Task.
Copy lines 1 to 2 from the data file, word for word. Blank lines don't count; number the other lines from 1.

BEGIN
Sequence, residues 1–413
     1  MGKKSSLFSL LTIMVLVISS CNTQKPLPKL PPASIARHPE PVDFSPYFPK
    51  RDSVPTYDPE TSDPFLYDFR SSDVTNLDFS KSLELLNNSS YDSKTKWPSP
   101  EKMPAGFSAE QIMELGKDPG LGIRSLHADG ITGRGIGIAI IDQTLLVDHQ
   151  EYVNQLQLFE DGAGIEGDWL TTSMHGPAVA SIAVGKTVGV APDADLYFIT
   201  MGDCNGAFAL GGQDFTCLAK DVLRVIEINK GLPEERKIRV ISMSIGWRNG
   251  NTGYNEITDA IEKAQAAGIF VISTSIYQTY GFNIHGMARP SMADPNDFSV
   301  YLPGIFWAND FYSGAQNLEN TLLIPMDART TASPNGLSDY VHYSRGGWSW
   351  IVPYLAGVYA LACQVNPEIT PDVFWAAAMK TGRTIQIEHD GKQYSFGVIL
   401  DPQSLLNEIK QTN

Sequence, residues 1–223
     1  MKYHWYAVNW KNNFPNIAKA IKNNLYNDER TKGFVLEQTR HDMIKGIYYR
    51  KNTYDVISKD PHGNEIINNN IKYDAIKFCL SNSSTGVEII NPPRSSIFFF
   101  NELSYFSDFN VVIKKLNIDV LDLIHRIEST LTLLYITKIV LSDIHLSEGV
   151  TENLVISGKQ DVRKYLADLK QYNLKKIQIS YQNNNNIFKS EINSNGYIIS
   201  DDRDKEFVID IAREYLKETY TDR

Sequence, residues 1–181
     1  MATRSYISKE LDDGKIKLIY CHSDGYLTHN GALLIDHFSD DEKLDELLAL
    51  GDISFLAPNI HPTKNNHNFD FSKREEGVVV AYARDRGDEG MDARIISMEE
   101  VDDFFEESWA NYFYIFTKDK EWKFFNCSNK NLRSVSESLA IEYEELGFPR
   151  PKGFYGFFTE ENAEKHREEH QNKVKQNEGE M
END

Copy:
Sequence, residues 1–413
     1  MGKKSSLFSL LTIMVLVISS CNTQKPLPKL PPASIARHPE PVDFSPYFPK